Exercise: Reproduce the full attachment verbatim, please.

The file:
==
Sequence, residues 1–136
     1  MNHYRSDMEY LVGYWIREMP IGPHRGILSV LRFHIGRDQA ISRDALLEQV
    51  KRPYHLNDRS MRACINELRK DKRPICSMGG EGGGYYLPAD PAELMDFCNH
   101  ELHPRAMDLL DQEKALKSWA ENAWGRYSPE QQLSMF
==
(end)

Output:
Sequence, residues 1–136
     1  MNHYRSDMEY LVGYWIREMP IGPHRGILSV LRFHIGRDQA ISRDALLEQV
    51  KRPYHLNDRS MRACINELRK DKRPICSMGG EGGGYYLPAD PAELMDFCNH
   101  ELHPRAMDLL DQEKALKSWA ENAWGRYSPE QQLSMF